scanning and emailing documents

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  • What is the legality of scanning an article from a journal (that our library owns) and emailing it as a .pdf to internal staff?
  • Are you doing it person-to-person, or library-to-person? In other words, if you personally are sharing an article with someone, I can't see a problem. If the library is doing it, I also can't see it being any different from an ILL, really. Or when you say staff, are you talking plural -- everyone in a department, for example? There you run into slightly iffier territory. Is this part of some educational initiative in the department, like internal training? Could you instead send them a link to the article?
  • It sounds as though Heather is talking about scanning an article from a print journal to distribute to her colleagues in the library--is that correct, Heather?

    If so, in my opinion this easily meets the criteria for a fair use of the article, given that:

    Purpose= research, criticism, comment or instruction (I'm assuming that the purpose fits one of these areas?)

    Nature= The article is published and presumably factual in content (rather than a highly creative work)

    Amount=the entire article, but that may be necessary to effectively communicate the educational objective

    Effect=negligible, as the library already purchased a copy of the journal, presumably one copy is being scanned and distributed to a limited number of staff, and there is no obvious negative effect on the market--assuming, of course, that no one then posts the .pdf to the web, right?

    I see this as a perfectly reasonable and legitimate use of a journal article that your library owns. If the article is available through one of the library databases, then Janet's suggestion to simply email a link to it from the database would be an even more simple way to distribute the article to your colleagues.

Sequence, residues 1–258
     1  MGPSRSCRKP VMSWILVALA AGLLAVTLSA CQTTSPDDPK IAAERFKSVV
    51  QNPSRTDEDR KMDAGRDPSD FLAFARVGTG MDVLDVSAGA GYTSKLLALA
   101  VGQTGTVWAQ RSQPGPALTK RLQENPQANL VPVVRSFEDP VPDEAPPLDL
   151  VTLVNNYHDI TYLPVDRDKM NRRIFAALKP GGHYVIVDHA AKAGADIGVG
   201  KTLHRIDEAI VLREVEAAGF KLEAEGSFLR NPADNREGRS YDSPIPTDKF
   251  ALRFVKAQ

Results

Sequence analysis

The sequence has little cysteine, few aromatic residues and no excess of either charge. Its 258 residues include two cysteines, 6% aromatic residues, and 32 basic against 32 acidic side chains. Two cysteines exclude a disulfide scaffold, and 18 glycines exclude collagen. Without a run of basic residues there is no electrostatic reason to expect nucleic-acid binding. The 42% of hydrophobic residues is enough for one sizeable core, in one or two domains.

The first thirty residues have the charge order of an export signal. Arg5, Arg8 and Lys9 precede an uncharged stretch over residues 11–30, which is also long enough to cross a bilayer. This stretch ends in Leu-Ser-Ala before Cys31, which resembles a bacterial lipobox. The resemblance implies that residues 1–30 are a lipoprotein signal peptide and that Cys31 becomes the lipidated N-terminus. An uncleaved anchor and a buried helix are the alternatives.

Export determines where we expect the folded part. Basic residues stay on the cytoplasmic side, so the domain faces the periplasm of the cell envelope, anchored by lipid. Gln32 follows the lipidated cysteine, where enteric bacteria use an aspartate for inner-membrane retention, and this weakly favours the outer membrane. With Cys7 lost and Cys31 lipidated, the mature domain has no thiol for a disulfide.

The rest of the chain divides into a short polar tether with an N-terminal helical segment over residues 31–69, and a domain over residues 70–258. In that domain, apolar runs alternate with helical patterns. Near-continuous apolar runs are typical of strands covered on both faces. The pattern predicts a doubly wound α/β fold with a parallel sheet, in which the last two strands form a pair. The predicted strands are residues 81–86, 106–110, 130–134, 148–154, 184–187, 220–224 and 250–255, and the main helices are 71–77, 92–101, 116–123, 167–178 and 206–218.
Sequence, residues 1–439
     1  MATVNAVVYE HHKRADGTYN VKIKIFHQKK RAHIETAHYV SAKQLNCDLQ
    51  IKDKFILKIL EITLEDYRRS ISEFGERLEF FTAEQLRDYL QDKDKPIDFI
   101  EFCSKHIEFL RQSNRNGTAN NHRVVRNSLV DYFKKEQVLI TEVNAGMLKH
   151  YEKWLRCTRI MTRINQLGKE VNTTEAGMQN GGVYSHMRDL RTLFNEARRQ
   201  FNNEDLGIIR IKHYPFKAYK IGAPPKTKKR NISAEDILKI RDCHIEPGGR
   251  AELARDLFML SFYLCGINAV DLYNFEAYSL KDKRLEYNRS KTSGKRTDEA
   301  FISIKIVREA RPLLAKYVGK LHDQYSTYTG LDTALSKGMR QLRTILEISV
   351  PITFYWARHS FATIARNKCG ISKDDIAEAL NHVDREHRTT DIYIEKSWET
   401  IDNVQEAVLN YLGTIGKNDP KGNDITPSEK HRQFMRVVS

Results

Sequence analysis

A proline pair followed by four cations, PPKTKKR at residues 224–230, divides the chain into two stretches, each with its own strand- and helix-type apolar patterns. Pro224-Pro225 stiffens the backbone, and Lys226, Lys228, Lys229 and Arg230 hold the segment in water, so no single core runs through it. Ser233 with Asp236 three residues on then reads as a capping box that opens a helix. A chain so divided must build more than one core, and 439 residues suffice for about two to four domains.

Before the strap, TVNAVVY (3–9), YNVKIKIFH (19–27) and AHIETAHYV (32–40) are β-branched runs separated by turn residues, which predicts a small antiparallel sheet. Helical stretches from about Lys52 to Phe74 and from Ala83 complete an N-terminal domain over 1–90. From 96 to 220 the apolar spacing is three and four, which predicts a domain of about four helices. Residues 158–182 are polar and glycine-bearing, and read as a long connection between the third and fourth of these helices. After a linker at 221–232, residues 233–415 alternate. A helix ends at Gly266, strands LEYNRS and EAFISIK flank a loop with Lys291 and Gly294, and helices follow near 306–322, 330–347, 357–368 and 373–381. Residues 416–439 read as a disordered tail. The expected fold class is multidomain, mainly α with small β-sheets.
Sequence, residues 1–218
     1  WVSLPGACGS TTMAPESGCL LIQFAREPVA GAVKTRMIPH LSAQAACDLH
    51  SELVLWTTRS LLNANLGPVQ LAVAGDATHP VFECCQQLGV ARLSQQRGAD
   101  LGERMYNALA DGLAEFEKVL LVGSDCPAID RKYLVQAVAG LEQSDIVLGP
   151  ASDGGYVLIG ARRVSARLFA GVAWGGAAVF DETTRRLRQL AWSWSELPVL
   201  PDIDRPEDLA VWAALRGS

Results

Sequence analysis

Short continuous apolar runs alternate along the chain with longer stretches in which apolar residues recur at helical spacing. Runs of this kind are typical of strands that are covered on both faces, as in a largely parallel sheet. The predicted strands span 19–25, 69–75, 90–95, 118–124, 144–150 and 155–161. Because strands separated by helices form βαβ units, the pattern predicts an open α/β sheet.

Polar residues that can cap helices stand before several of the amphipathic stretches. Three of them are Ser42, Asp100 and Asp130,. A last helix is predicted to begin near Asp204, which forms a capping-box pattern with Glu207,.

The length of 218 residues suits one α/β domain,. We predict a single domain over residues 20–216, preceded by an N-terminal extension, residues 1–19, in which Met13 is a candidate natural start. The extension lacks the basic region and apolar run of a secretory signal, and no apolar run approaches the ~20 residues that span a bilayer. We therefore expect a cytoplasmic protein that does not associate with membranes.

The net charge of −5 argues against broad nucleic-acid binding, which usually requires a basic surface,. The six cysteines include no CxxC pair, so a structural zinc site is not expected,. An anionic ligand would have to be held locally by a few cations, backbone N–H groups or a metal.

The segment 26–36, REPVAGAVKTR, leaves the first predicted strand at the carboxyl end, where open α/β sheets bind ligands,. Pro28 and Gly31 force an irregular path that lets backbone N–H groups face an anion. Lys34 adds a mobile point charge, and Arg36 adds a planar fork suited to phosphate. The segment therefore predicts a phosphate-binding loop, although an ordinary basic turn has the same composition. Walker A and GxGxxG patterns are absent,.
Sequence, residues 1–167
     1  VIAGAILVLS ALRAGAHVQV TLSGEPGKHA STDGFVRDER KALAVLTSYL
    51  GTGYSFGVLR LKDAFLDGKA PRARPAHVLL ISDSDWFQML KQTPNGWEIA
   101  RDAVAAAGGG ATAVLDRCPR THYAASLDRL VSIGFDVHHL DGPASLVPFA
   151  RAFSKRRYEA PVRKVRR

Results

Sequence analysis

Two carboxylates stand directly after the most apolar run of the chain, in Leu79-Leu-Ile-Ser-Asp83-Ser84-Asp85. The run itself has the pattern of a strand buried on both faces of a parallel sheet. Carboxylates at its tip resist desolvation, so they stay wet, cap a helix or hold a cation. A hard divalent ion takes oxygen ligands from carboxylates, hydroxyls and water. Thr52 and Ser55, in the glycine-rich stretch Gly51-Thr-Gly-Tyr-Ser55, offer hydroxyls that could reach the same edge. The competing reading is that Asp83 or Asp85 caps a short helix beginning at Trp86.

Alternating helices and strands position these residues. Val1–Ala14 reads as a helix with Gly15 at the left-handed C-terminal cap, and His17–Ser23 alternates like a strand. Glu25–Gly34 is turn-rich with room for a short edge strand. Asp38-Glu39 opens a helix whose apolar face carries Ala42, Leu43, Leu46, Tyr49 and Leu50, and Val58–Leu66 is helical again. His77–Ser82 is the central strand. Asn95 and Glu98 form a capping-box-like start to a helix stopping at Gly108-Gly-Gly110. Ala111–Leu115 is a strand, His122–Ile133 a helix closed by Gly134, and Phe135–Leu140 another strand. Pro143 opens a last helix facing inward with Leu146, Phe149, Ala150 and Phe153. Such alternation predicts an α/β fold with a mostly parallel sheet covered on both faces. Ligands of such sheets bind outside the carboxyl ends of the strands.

• I think that there's more to consider on the fair use analysis on this one. Under Effect, I think some would argue that there's a significant effect of sharing in this way, especially if electronic subscriptions or single copies are available for purchase. It seems like the Texaco decision, online at, might be applicable here.

    Personally, I think it's iffy enough with the information given that I would want to know more before making a determination on fair use.
  • Before thinking about this in terms of copyright, Heather, I would think about this in terms of possibly avoiding copyright issues: Is this an article that is available on a licensed database (to your institution) and therefore you can send a link and an excerpt? While it does require more effort by your patrons/co-workers by clicking on a link rather than immediately able to read the article, that way you don't need to think about copyright and fair use. Another simple thing to look at is whether the article is marked in the copyright statement as either "education copying allowed" or similar language, or licensed under a non-commercial copying license. One final note -- some articles are specifically written to be copied and used for educational use and even state this within the body of the article.

    There are several important factors in terms of sharing owned documents in light of Texaco. In Texaco, a library in a for-profit instution was purchasing *one* copy of journals and circulating copies to the entire institution. In light of this (and the general social practice in institutions to make photocopies of everything, though this does not always fall into fair use), think about how you are planning to use this article. Are you going to frequently repeat this scanning/emailing? If so, will it be from the same journal?

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